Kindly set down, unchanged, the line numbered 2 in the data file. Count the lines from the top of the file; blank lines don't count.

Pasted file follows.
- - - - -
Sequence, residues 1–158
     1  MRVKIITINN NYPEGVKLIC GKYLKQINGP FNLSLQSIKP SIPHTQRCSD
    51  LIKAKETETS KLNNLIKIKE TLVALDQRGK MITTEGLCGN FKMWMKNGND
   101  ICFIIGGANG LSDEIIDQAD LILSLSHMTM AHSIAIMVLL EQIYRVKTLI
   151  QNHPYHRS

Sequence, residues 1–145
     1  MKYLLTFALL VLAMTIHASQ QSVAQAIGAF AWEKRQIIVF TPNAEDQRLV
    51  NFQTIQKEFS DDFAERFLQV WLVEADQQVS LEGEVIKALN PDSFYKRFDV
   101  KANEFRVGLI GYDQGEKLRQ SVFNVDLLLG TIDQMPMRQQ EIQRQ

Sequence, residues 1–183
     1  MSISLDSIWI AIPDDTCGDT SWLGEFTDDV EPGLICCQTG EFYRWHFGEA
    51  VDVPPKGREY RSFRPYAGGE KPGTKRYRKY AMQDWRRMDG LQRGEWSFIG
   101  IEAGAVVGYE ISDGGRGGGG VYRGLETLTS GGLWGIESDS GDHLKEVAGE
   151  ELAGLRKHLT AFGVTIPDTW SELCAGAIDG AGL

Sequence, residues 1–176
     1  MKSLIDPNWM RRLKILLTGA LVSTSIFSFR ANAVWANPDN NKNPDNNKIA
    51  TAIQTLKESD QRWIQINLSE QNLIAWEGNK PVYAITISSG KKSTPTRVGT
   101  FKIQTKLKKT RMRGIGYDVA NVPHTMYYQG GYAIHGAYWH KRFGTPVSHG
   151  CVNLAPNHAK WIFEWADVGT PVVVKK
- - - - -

     1  MRVKIITINN NYPEGVKLIC GKYLKQINGP FNLSLQSIKP SIPHTQRCSD